Interview: Oscar Worldpeace

Originally published via SBTV.

Oscar #Worldpeace is one of the youngest and most promising talents to emerge from the UK scene over the past 12 months. Offering a unique perspective both lyrically and visually, the young MC has already gained support from both the industry and artists alike.

I sat down with Oscar to discuss his forthcoming project, Cult, the importance of high quality visuals and working with Mike Skinner

Where are you from?

I’m from Tottenham, North London.

Has this influenced your music?

Of course. There’s a lot of great artists that have came from here. So just seeing them make it and do big things is, like, ‘Wow’, there must be something in the water. 

Especially in Tottenham..

Exactly, there’s a lot of people that have came in and came from Tottenham, so it’s a big inspiration.

Growing up, which artists were you looking to?

I love the whole Boy Better Know [movement] and I go way back with CAS. [CAS] was like the king when we were growing up and that’s just who everyone had on their phones. It was just good to be around him and [I would] brag to my friends, like, ‘Yeah, I know CAS!’ and everyone would be like, ‘What does he look like?!’

It’s really interesting that you note CAS as an influence. I remember the first time I heard, T.R.O.N, and the feeling I got from that was very similar to when I first heard Mook. You can feel the influence is there…

I wasn’t really expecting that much from Mook, but people are really gravitating to it. I’m just glad that it got to a few ears. It’s still got a long way to go, but I’m just glad that people like yourself have taken an interest and just liked the song for what it is.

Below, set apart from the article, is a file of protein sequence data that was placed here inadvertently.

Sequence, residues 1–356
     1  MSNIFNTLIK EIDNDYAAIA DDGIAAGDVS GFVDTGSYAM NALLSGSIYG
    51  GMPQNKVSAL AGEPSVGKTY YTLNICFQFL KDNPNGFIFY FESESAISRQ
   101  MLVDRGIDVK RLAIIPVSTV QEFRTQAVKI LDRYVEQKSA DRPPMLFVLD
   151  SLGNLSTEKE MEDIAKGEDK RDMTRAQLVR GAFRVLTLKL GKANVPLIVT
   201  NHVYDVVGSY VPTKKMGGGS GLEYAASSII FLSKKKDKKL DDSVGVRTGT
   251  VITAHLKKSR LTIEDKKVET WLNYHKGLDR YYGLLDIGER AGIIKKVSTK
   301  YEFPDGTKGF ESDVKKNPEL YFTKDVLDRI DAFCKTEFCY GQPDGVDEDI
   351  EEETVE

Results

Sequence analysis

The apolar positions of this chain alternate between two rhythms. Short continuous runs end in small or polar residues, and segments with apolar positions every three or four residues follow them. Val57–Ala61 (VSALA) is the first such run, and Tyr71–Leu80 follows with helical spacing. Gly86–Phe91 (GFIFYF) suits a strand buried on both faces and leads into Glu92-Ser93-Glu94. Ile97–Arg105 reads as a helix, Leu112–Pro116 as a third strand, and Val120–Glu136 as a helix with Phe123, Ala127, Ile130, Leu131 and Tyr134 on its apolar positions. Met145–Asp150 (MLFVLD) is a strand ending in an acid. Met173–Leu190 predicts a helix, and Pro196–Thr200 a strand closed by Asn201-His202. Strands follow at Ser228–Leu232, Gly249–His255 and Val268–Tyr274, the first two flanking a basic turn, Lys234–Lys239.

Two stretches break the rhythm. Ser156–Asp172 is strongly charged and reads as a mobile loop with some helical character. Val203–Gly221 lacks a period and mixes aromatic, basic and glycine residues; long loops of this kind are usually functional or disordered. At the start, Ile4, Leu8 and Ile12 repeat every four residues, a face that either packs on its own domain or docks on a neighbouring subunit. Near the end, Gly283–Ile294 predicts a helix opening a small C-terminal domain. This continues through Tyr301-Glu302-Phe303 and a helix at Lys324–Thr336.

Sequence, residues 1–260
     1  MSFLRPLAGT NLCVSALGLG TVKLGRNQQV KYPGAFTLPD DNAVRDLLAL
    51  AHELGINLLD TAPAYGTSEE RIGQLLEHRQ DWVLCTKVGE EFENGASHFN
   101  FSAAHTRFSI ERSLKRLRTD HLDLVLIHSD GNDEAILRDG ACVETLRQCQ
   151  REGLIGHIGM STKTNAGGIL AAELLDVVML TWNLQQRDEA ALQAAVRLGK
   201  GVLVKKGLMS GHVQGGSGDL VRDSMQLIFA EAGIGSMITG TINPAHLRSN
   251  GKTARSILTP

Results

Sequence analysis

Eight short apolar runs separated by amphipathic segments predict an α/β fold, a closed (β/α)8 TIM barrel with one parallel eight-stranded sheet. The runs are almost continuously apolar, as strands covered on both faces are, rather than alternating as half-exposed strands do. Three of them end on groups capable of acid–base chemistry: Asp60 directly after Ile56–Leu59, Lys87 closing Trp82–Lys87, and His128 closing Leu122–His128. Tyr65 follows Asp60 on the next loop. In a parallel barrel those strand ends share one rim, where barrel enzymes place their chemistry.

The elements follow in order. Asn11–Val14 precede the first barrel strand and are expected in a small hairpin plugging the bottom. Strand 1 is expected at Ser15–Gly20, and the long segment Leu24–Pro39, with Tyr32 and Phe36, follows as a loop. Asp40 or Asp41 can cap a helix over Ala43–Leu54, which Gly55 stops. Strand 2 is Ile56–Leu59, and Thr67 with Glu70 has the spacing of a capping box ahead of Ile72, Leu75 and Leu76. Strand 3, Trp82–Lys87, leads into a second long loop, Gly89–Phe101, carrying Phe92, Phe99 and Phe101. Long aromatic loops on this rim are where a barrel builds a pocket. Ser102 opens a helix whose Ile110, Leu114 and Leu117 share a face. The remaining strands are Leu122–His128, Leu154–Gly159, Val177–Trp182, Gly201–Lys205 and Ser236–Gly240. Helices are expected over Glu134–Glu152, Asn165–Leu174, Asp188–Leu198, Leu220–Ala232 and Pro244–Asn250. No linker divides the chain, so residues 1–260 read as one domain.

What’s the story behind Mook?

Basically, I was making my project, Cult, and all of the songs just sounded so depressing. I was not happy last year. So I was making it and – I play a lot of songs to my girl – and she was like, ‘Everything sounds the same, you just sound so depressed. There’s a way you can say it and make it more energetic.’ So I went back in the studio with my producer Ragz – who’s produced almost every track [onCult] – and we just came up with it all from there. From the first line I just wanted to grab the listener in.

I kind of exposed myself with the first line by saying, ‘A chick said that my d**k’s small’ [laughs], but I could have said that in a more depressing way. But I said it in more of a ‘You know what, who cares?’ [type of way].

Those people need a voice as well, man! [Laughs]

[Laughs] Exactly, I know there’s a lot of people out there going through the same thing. It’s painful…

You were originally one half of the The Chocolate Brothers, right? What made you make the decision to go on your own?

It was not really my story. When you’re part of a duo it’s difficult to tell your story. There’s two different people so you have to compromise. Now I’m able to tell my story, I’m having a lot more fun with it. I find it easier to do it solo because I don’t have to ask no-one any questions.

What can you tell us about your new track?

Funnily enough, that’s where I’ve just came from now; location scouting. The place was a big fail! The place that I went to see is being worked on, it’s like a construction site. We’re just trying to find some empty buildings because the next track is darker than Mook, so I wanna get that dark feel and just have some f****d up shit in there. I’m excited about the song, I don’t know what I’m gonna call it yet; there’s two names. But hopefully within the next month it should be out.

You recently did a track with The D.O.T, right? And I hear Mike Skinner has been helping you out. How has it been working with him?